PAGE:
Grunwell, Jeanne Marie 1971-
GRUNWELL, Jeanne Marie 1971-
PERSONAL: Born April 26, 1971, in Fort Ord, CA; daughter of Harry Dutton (a soldier) and Marie Immaculata (a budget oversight employee; maiden name, Iacono) Grunwell; married James Michael Ford (a teacher), July, 2004. Education: Johns Hopkins University, B.A., 1992; Vermont College of Norwich University, M.F.A., 2001. Religion: Roman Catholic.
ADDRESSES: Home—Ellicot City, MD. Agent—c/o Author Mail, Houghton Mifflin, 8th Fl., 222 Berkeley St., Boston, MA 02116.
CAREER: Days of Our Lives, NBC-TV, writer, 1999—.
MEMBER: Writers Guild of America West, Society of Children's Book Writers and Illustrators, Mystery Writers of America.
Saint Elizabeth Ann Seton: Daughter of America, Pauline Books and Media (Boston, MA), 1999.
Mind Games, Houghton Mifflin (Boston, MA), 2003.
SIDELIGHTS: Jeanne Marie Grunwell, a staff writer for the Days of Our Lives television soap opera, is also the author of Mind Games, a book based, in part, on the author's memories of her eighth-grade science fair project on ESP (Extra-Sensory Perception). In Mind Games, members of the seventh-grade Mad Science Club at Clearview Middle School decide to do an experiment on ESP. The six students include a genius, a Russian immigrant, a pair of identical twins (one an honor roll student, and the other slightly brain-damaged), a Korean girl, and a boy whose mother has just died.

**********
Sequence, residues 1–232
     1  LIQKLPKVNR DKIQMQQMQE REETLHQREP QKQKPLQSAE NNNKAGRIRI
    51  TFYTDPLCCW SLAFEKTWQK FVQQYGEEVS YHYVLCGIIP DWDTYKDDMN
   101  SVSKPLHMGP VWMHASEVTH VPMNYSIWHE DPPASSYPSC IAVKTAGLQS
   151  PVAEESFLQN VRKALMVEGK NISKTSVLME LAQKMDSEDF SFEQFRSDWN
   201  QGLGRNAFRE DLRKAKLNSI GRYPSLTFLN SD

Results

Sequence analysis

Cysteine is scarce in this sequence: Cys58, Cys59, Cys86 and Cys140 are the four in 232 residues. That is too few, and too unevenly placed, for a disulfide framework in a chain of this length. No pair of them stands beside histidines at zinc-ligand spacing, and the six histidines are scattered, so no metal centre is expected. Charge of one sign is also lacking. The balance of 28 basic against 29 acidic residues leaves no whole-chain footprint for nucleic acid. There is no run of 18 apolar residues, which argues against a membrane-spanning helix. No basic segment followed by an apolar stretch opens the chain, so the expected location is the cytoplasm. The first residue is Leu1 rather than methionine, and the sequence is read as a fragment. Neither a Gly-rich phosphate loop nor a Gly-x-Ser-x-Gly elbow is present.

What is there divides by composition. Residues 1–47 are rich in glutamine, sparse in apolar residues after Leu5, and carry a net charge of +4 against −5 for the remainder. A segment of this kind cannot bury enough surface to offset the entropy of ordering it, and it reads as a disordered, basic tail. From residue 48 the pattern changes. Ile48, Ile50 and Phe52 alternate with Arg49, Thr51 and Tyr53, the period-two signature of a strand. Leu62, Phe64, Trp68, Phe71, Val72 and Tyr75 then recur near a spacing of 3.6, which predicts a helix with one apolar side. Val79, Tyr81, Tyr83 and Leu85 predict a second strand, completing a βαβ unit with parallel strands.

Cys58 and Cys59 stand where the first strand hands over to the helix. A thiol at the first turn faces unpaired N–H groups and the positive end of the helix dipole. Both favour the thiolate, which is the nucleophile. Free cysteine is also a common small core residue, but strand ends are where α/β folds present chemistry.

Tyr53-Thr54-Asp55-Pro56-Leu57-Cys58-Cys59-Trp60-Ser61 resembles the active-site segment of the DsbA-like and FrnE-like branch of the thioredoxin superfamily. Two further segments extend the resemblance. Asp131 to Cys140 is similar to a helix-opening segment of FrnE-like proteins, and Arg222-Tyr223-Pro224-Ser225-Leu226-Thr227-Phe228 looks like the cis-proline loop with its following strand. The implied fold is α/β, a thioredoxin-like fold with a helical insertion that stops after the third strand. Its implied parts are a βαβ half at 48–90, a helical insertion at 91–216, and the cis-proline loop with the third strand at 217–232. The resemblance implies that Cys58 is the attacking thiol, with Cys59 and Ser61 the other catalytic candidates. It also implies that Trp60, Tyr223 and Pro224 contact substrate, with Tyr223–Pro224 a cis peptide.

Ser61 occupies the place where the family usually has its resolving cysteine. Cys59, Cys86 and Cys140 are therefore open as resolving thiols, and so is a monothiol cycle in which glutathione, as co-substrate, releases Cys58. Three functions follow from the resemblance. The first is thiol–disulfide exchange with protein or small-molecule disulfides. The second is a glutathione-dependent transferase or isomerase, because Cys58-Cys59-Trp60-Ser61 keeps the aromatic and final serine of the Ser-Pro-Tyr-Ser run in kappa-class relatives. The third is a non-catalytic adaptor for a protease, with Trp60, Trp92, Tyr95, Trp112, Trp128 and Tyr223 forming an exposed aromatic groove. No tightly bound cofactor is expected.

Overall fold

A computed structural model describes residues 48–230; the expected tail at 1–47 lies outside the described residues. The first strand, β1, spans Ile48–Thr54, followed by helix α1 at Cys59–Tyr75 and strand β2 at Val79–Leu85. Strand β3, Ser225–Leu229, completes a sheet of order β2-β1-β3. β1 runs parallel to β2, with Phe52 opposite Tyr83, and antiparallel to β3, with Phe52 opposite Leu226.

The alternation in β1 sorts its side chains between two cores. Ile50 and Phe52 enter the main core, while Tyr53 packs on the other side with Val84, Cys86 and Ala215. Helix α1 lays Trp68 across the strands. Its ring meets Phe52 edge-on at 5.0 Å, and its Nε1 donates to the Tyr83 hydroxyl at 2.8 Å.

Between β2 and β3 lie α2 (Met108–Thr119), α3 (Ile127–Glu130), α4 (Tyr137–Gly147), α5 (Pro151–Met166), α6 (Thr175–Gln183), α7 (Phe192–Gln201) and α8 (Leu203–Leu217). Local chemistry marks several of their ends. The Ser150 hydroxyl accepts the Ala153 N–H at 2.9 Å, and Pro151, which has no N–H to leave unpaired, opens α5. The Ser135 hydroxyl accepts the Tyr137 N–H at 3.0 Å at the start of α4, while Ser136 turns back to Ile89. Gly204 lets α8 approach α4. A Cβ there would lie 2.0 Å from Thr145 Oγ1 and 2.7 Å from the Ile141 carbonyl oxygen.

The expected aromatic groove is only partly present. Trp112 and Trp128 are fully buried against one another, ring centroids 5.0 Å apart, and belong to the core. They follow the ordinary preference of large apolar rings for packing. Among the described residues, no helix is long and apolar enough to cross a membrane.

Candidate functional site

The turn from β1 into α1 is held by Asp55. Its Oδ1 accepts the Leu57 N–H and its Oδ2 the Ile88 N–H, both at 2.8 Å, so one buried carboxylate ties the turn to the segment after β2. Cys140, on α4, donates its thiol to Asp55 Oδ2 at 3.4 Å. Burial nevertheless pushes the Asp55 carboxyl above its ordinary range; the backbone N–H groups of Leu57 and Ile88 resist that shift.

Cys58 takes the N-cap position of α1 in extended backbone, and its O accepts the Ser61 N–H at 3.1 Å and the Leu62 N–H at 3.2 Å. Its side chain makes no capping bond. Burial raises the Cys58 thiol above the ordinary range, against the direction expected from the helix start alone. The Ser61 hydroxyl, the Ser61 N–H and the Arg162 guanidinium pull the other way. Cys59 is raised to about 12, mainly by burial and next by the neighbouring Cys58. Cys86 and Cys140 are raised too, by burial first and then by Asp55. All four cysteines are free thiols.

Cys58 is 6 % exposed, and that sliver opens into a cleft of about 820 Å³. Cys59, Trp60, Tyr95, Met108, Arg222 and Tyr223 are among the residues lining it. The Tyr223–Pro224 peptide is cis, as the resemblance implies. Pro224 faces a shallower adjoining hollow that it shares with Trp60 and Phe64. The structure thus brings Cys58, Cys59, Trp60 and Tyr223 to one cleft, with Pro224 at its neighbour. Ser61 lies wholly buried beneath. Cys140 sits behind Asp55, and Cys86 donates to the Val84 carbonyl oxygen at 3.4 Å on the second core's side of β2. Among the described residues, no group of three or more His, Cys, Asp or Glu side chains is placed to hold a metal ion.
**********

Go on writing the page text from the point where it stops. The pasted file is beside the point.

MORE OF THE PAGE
The project involves testing the group's ESP skills on lottery tickets. The group wins five hundred dollars in the process, as well as top honors in the science fair. The book is written as short pieces, each from the point of view of the different characters. Each student is also dealing with personal issues, and the project helps them to deal with their own problems, as well as to understand each other a little better.
Jennifer M. Brabander, writing in Horn Book, commented, "This novel about newly opened minds may very well prove mind-opening." School Library Journal's Barbara Auerbach called the book "a fast-paced and fascinating read," while a Publishers Weekly reviewer remarked that the "story flies by, leaving readers eager for more."
BIOGRAPHICAL AND CRITICAL SOURCES:
Booklist, May 15, 2003, Todd Morning, review of MindGames, p. 1661.
Horn Book, May-June, 2003, Jennifer M. Brabander, review of Mind Games, p. 345.
Kirkus Reviews, March 1, 2003, review of MindGames, p. 384.
Kliatt, July, 2003, Paula Rohrlick, review of MindGames, p. 12.
Publishers Weekly, April 28, 2003, review of MindGames, p. 71.
School Library Journal, May, 2003, Barbara Auerbach, review of Mind Games, p. 152.